<p class="ql-align-center"><u>Water&nbsp;&nbsp;Harvesting Project for Nzau Village</u></p><p class="ql-align-center"><u>&nbsp;</u></p><p>For fifty years, according to the village elder, the villagers have been talking to the Indian government about getting water supplies – to no avail. NARUDA volunteers visited village, saw the problem at first hand and discussed solutions with the villagers.&nbsp;</p><p><br></p><p>During the dry season – Nov to April – no rain falls and there is no water in the village for drinking, bathing or washing clothes. So, what they do is walk downhill approximately 100 m below the village to where there are ponds – three for bathing, one for washing clothes and one for water collection. When this water runs out (Jan to March) they go to another area, which is a further 100 metres down and 4 kilometres away.&nbsp;</p><p><em>&nbsp;&nbsp;&nbsp;&nbsp;&nbsp;&nbsp;&nbsp;&nbsp;&nbsp;&nbsp;&nbsp;&nbsp;&nbsp;&nbsp;&nbsp;&nbsp;&nbsp;&nbsp;&nbsp;&nbsp;&nbsp;&nbsp;&nbsp;&nbsp;&nbsp;&nbsp;&nbsp;&nbsp;&nbsp;&nbsp;&nbsp;&nbsp;&nbsp;&nbsp;&nbsp;&nbsp;&nbsp;&nbsp;&nbsp;&nbsp;&nbsp;&nbsp;&nbsp;&nbsp;&nbsp;&nbsp;&nbsp;&nbsp;&nbsp;&nbsp;&nbsp;&nbsp;&nbsp;&nbsp;&nbsp;&nbsp;&nbsp;&nbsp;</em></p><p>To collect water, ladies spend most of their day, going up and down hill with bamboo vessels, so that they can provide water for their families.</p><p><br></p><p>Several solutions to the problem were discussed but, on the basis that simple is often best, we decided to install two one thousand litre rain harvesting tanks at each house. There is plentiful rainfall in the wet the season and the tanks will provide fresh water for drinking and cooking for all families. This is Phase 1, and Phase 2 will be to provide bathing and clothes washing facilities in the village.&nbsp;</p><p><br></p><p>Given that much time is spent transporting water, NARUDA can also help to set up small businesses, such as cloth weaving, whereby the villagers can make a sustainable income to help bring themselves out of poverty.</p><p><br></p><p>There are 100 houses, so we are looking for 200 tanks. Each tank costs £50 and transport from Dimapur (100 km away on unmade-up roads) is £12.50. So total project cost is £12,500. This will make a huge difference to the 600 people who live there. </p><p><br></p>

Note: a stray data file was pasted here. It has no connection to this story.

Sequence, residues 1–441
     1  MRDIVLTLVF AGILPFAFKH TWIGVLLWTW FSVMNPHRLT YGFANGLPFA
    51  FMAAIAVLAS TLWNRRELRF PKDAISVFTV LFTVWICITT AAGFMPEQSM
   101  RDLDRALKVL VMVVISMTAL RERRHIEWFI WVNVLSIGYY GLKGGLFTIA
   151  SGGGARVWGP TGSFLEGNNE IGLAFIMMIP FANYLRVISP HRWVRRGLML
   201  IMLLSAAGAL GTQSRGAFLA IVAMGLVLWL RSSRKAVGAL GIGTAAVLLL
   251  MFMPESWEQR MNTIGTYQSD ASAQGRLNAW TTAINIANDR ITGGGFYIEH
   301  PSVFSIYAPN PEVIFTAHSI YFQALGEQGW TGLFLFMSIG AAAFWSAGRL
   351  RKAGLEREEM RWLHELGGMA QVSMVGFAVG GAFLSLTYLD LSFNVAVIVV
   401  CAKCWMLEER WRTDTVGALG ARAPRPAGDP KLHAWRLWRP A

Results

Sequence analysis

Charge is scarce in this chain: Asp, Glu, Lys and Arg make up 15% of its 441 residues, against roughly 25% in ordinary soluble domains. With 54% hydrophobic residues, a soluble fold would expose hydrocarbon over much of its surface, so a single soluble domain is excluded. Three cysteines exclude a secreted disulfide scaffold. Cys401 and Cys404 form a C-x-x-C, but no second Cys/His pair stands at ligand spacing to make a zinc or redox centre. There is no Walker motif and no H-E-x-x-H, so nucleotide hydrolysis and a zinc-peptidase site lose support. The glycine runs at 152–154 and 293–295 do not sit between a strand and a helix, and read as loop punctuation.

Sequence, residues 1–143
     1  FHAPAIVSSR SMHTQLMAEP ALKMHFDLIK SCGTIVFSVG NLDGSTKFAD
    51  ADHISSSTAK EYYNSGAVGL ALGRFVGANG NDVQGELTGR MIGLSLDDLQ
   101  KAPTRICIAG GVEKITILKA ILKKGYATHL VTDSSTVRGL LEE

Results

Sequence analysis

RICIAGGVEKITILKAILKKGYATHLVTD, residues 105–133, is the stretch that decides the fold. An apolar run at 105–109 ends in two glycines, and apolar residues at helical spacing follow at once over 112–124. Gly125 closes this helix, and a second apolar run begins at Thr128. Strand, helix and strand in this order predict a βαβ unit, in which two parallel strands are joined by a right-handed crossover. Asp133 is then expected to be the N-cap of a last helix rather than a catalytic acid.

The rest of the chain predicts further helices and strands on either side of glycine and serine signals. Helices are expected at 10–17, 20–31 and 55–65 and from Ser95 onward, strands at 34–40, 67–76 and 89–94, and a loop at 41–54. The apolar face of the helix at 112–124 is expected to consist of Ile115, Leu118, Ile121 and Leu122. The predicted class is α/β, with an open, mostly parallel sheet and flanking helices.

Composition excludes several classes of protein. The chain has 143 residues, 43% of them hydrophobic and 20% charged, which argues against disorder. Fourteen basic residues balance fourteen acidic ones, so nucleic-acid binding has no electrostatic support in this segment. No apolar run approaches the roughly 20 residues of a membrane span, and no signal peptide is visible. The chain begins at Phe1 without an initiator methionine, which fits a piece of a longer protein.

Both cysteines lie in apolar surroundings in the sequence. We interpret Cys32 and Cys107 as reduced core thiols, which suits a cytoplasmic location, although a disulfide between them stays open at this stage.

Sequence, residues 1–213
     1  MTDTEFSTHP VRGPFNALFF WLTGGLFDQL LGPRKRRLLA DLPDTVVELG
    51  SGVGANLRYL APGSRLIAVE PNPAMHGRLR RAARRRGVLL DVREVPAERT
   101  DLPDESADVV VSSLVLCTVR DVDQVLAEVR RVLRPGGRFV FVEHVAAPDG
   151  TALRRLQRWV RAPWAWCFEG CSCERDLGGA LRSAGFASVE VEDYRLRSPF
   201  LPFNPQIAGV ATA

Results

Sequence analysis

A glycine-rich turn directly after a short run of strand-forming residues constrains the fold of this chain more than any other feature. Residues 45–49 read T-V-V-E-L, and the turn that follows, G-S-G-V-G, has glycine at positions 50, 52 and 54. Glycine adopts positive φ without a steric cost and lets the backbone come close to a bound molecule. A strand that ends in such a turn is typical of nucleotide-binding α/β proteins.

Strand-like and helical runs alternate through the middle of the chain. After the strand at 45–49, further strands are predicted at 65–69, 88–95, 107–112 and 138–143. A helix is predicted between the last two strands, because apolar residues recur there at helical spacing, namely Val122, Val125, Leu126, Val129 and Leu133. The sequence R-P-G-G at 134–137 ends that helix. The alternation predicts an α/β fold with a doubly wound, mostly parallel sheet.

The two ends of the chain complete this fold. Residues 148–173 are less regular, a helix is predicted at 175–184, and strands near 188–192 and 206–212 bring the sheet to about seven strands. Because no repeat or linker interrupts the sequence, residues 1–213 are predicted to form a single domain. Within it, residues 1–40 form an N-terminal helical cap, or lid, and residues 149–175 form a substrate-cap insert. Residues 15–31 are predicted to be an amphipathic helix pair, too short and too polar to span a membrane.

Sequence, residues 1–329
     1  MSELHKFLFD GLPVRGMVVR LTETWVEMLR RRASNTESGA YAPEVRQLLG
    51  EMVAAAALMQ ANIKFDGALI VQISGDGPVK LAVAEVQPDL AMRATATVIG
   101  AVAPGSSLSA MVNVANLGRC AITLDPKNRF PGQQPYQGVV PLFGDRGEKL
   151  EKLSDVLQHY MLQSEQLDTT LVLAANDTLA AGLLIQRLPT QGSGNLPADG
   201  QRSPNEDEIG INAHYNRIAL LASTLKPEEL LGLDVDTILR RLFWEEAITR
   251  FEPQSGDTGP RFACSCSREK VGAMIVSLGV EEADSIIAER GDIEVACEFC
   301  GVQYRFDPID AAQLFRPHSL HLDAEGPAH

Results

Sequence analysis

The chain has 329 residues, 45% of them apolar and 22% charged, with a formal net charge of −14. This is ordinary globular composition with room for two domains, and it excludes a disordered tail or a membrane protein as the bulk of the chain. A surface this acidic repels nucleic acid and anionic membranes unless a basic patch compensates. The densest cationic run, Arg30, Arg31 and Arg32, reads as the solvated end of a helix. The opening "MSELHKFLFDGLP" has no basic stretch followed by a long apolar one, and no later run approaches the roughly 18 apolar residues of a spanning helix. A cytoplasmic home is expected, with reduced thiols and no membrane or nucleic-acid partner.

Sponsor an Orphan Project